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so it's interesting to see how they've tried to get this information out there. knowing there could be ramification once it makes its way around the world, john? jim acosta at the white house, stand by. i want to bring back evan perez who has been going through this report which has just been released. evan, in addition to outlining the details of what techniques were used and where they were used, one of the most scathing claims is the cia misrepresented what they were doing to policymakers and the american public. can you give my specifics about what exactly they said and didn't say and the extent of these misrepresentations? >> if you look at this program, it was authorize bid this president. >> i van, i'm sorry, i need to cut you off, senator dianne feinstein, the chair of the senate select committee presenting the report right now.
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>> the senate intelligence committee's five and a half year review of the cia's detention and interrogation program which was conducted between 2002 and 2009 is being released publicly. the executive summary which is going out today is backed by a 6,700 page classified and unredacted report with 38,000 footnote which is can be released if necessary at a later time. the report released today examines the cia's secret overseas detention of at least 119 individuals and the use of coercive interrogation techniques, in some cases amounting to torture. over the past couple of weeks, i've gone through a great deal of intro special election about whether to delay the release of this report to a later time.
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this clearly is a period of turmoil and instability in many parts of the world. unfortunately, that's going to continue for the foreseeable future. whether this report is released or not. there are those who seize upon the report and say "see what the americans did?" and they will try to use it to justify evil actions or incite more violence. we can't prevent that. but history will judge us by our commitment to a just society governed by law and the willingness to face an ugly truth. and say never again. there may never be the right time to release this report. the instability we see today won't be resolved in months or years but this report is too important to shelve indefinitely.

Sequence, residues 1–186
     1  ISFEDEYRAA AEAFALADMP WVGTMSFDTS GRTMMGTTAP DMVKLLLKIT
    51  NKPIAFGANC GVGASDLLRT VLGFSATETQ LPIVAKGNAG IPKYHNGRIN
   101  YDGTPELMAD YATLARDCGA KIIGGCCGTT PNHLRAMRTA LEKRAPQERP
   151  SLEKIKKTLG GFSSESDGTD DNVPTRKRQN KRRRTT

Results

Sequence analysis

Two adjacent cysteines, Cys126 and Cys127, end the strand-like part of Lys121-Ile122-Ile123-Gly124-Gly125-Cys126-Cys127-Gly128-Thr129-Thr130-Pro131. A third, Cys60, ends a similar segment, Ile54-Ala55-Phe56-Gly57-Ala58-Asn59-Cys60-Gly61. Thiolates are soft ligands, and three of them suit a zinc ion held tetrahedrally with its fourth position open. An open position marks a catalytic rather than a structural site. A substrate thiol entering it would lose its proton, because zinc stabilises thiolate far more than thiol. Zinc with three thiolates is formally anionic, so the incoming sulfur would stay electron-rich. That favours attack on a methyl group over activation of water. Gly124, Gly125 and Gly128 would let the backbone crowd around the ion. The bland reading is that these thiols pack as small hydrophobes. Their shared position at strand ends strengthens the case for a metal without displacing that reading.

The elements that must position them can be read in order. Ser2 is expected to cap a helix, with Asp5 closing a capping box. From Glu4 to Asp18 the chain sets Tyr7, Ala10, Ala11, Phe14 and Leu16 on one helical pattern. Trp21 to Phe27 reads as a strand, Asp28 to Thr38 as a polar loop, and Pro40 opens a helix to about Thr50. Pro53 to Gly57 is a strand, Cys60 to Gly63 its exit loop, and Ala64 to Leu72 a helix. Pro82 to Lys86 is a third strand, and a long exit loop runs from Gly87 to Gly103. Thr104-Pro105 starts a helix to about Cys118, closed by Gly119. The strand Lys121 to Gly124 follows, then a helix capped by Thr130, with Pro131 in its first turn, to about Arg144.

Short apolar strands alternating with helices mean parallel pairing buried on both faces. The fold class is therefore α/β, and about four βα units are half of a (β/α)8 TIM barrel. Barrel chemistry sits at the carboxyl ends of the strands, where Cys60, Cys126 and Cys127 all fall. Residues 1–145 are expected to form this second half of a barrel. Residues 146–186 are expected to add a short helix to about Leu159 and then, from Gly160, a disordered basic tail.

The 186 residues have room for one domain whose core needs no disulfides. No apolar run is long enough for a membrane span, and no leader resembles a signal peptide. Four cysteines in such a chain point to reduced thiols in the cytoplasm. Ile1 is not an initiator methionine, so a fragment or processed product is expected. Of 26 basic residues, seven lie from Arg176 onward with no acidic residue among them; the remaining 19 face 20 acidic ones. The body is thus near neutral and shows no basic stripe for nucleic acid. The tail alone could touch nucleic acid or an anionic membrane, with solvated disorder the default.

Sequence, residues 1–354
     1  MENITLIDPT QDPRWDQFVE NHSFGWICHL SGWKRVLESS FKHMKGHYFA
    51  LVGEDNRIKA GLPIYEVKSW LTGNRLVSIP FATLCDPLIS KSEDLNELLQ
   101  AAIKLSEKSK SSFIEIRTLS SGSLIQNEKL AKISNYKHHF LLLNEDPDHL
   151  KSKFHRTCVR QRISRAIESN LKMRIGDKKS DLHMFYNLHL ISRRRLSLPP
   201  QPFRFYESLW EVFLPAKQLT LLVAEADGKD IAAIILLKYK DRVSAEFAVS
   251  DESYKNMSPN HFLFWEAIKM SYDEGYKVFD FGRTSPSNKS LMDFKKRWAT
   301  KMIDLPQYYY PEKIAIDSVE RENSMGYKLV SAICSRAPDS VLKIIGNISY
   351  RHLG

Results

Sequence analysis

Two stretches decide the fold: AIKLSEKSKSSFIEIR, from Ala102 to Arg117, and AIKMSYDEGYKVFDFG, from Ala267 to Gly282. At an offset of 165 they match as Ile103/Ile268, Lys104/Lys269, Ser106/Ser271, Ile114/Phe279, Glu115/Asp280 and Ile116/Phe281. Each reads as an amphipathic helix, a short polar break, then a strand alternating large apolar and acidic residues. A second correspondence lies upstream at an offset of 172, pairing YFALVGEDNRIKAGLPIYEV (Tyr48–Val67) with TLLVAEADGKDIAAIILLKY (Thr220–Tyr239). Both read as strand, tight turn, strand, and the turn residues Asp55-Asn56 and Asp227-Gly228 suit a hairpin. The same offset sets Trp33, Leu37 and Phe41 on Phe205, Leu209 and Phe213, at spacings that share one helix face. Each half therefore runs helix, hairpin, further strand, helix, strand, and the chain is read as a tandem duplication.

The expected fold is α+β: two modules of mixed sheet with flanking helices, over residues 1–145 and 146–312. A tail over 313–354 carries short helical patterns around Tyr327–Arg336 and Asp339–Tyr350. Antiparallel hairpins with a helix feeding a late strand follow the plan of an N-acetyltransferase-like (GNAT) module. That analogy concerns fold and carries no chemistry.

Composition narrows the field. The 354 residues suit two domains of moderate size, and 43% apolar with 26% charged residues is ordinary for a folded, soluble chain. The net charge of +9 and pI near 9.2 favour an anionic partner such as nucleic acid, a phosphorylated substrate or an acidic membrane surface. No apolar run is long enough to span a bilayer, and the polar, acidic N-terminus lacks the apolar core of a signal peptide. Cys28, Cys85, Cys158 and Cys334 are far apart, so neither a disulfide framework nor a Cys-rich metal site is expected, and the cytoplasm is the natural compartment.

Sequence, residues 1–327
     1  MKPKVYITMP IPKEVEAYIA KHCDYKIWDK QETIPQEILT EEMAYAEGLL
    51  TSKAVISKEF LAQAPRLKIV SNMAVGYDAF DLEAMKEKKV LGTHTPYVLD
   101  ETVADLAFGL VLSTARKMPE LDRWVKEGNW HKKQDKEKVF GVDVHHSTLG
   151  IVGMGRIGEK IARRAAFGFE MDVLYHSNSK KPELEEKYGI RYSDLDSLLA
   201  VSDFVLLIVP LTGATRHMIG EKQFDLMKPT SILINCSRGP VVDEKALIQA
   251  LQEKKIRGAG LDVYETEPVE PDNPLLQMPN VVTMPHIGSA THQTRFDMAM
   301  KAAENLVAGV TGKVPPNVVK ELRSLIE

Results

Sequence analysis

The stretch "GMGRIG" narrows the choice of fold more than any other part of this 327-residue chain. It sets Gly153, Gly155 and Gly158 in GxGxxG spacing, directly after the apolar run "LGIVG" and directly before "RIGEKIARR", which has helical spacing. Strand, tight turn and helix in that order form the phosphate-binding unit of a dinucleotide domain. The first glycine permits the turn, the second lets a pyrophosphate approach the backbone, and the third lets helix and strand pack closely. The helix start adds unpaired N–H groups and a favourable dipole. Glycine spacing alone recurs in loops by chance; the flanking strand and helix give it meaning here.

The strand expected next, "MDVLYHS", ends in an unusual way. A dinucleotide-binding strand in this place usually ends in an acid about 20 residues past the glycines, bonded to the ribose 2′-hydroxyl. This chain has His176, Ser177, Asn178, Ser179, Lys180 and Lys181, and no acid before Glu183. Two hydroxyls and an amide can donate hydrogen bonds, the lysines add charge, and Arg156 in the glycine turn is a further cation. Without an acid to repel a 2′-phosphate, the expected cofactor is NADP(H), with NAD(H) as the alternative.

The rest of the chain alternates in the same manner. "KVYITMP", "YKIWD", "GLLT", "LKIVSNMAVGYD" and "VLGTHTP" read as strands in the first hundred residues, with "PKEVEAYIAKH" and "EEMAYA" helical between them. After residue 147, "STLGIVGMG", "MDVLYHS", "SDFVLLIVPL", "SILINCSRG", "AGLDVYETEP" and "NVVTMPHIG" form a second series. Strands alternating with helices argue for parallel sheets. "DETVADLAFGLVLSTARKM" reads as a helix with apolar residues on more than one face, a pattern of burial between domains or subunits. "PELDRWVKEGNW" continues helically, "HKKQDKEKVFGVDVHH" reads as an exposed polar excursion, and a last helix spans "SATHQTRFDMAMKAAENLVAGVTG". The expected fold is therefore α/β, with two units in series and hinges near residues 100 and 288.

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there there has been a campaign of mistaken statements and press articles launched against the report before anyone has had the chance to read it. as a matter of fact, the report is just now as i speak being released. this is what it looks like. senator chambliss asked me if we could have the minority report bound with the majority report. for draft that is not possible but in the final draft it will be bound together. but this is what the summary of the 6,000 pages look like. my words give me no pleasure. i'm releasing this report because i know there are thousands of employees at the cia who do not condone what i will speak about this morning and who worked day and night
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long hours, within the law, for america's security in what is certainly a difficult world my colleagues on the intelligence committee and i am proud of them, just as everyone in this chamber is. and we will always support them. in reviewing this study this in the past few days, with a decision looming over the public release, i was struck by a quote found on page 126 of the executive summary. it cites the former cia inspector general john held gerson who in 2005 wrote the following to the then-director of the cia which clearly states the situation with respect to this report years later as well. and i quote. "we have found that the agency over the decades has continued to get itself intoes mes related to interrogation programs for
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one overriding reason. we do not document and learn from our experience. each generation of officers is left to improvise anew with problematic results for our offices as individuals and for our agency. i believe that to be true. i agree with mr. helgerson. his comments are true today but this must change. on march 11, 2009, the committee voted 14-1 to begin a review of the cia's detention and interrogation program. over the past five years, a small team of committee investigators pored over the more than 6.3 million pages of cia records the leader spoke about to complete this report or what we call the study. it shows that the cia's actions